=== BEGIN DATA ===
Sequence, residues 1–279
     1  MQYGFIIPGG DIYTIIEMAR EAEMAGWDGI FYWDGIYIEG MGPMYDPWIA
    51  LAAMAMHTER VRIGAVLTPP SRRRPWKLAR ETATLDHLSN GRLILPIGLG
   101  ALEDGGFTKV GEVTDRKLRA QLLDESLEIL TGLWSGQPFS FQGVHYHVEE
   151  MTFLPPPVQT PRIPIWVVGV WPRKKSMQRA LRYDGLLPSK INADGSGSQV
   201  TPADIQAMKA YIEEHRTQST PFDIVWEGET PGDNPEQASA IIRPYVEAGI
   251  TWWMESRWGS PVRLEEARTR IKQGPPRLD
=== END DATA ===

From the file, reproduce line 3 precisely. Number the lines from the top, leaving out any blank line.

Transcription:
    51  LAAMAMHTER VRIGAVLTPP SRRRPWKLAR ETATLDHLSN GRLILPIGLG